Revisiting previous studies into issues such as regional economics and cultural values may be required before Otago Regional Council staff produce recommended minimum flows for the Manuherikia River, chief executive Richard Saunders says.
Mr Saunders clarified the next steps in the years-long process to establish minimum flow settings for the river ahead of what could be ‘‘quite intensive’’ community consultation.
Delays in finalising an agreed statement on the river’s hydrology, and flow recommendations based on now complete ecological work, had presented a ‘‘critical risk’’ to the delivery of the council’s forthcoming land and water plan, due by June 30 next year.
However, staff involved were being supported and a plan was in place, Mr Saunders said.
‘‘It remains a critical risk, but we do have a plan in place now.’’
At a public briefing next month councillors would be presented with a report from the Manuherikia’s Technical Advisory Group (Tag), which included recently completed hydrology and ecology work.
The briefing would include feedback on that work from members of Tag, as well as what was likely to be a range of flow levels staff deemed appropriate to support a healthy river ecosystem.
The information from the briefing would then be passed on to the council’s policy team writing the land and water plan.
The policy team would in turn present councillors with a suite of recommendations for the Manuherikia area, including the recommended minimum flow — the point at which river levels had dropped so low people were required to stop taking water from it.
Mr Saunders could not say exactly when councillors would see the recommendations for minimum flows to be incorporated into the land and water plan, but he confirmed staff would take direction on the matter from councillors before consultation began.
The minimum flow recommendations would include an assessment of the implication of flow changes.
They would not only be based on the recent ecology and hydrology work, but a range of detailed studies completed in 2020 and 2021.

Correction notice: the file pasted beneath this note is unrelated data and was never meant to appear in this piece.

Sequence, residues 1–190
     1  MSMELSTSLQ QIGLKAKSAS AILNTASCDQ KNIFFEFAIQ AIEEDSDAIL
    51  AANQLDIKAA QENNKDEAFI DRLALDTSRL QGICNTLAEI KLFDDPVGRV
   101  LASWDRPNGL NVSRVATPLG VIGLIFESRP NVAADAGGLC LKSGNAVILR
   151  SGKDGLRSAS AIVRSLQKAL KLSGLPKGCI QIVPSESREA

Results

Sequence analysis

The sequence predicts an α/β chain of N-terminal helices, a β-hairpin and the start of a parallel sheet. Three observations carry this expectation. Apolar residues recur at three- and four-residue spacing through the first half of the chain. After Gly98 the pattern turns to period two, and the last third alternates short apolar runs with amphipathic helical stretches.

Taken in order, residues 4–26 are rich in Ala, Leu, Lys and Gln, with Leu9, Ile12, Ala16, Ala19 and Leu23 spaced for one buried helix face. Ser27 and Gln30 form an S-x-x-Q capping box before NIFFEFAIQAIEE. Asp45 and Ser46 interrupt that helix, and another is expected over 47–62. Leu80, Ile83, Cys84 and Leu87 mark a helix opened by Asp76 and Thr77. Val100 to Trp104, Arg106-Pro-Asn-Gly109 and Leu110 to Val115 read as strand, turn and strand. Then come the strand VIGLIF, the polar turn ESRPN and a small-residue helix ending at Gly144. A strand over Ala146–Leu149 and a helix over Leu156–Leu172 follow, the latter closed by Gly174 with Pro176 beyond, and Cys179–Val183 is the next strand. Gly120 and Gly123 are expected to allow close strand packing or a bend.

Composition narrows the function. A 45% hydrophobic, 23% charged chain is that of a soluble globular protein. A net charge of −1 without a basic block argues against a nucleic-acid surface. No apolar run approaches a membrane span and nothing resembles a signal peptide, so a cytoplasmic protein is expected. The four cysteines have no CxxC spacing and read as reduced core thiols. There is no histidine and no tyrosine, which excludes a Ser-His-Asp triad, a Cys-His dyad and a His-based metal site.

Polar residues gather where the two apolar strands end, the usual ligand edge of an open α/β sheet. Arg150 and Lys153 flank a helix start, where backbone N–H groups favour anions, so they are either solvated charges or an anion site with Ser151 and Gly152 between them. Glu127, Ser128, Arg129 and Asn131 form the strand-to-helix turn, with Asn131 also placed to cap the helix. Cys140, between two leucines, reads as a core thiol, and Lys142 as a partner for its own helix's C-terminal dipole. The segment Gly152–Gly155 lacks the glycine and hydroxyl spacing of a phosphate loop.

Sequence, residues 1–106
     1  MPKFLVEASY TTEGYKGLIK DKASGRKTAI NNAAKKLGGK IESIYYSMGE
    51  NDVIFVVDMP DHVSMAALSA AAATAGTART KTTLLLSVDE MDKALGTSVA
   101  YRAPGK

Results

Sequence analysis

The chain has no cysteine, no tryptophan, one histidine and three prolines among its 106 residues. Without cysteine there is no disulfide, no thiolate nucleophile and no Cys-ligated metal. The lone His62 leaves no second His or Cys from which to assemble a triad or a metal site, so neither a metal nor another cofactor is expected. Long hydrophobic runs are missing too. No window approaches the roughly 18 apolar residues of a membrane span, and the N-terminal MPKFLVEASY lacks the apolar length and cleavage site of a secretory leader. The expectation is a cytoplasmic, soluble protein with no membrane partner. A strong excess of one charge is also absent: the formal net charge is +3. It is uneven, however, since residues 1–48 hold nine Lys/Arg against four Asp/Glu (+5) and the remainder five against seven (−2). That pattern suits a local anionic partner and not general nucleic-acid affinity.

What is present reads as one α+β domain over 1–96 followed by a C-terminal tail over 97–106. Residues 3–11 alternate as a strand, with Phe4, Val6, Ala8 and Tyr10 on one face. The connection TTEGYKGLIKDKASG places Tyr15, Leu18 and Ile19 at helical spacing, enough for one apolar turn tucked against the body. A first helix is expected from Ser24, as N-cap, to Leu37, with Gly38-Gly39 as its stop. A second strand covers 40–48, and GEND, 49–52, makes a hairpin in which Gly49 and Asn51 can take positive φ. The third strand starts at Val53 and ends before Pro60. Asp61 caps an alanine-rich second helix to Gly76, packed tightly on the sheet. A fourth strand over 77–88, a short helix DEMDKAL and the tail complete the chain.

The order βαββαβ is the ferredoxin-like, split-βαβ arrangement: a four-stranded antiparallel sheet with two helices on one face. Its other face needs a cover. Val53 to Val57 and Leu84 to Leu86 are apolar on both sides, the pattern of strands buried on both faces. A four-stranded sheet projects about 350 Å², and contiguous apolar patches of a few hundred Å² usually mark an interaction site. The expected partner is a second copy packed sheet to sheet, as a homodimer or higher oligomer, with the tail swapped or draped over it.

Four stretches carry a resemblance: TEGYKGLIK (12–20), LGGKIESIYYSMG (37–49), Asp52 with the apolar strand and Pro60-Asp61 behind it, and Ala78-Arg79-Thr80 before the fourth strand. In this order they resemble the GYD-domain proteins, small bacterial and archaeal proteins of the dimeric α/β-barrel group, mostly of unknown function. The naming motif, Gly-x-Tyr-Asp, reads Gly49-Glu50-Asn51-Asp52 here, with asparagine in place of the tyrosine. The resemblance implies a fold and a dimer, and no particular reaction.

About 10 studies were used to produce a staff recommendation for a minimum flow at that time.
‘‘Some of the . . .reports may need to be updated, depending on the outputs from the ecological and hydrology reports,’’ Mr Saunders said.
There is at present no regulatory minimum flow for the river, and the council has previously indicated imposing a minimum flow regime could bring significant change to the area, including farming and land-use changes.
At an August 25, 2021, council meeting when councillors decided they would not move ahead with minimum flows for the river until the ‘‘science is complete’’, the recommended minimum flow at the Campground site in the lower Manuherikia was 1200litres per second by this year, 1500litres per second by 2030 and 2000litres per second by 2037.
Without the minimum flow settings inthe forthcoming land and water plan, irrigators and race scheme operators voluntarily manage the flow to a minimum of 900litres per second at Campground.
At the August 2021 meeting, staff said there would be a range of interventions the council should consider to help mitigate the impact of less water being available with the introduction of minimum flow levels.
If the minimum flow was increased to 2000litres per second, for example, it would require significant infrastructure changes and large-scale change in farm type or land use over entire farms or parts of farms, including changing to dry farming systems or changing stock types, staff said.
The 2021 meeting at which councillors called for more scientific work to be done before minimum flow settings were considered proved to be a watershed moment for the council.
It prompted a petition to Minister for the Environment David Parker calling on him to sack councillors and install commissioners. It failed, but a councillor ultimately resigned.
Prof Peter Skelton found during an investigation of the council last year it was hard to accept the decision not to note minimum flows at the meeting was solely because of concerns around the science.
Executive leadership from the time, including the former chief executive, has left the council, and the last election significantly changed the make-up of the councillors.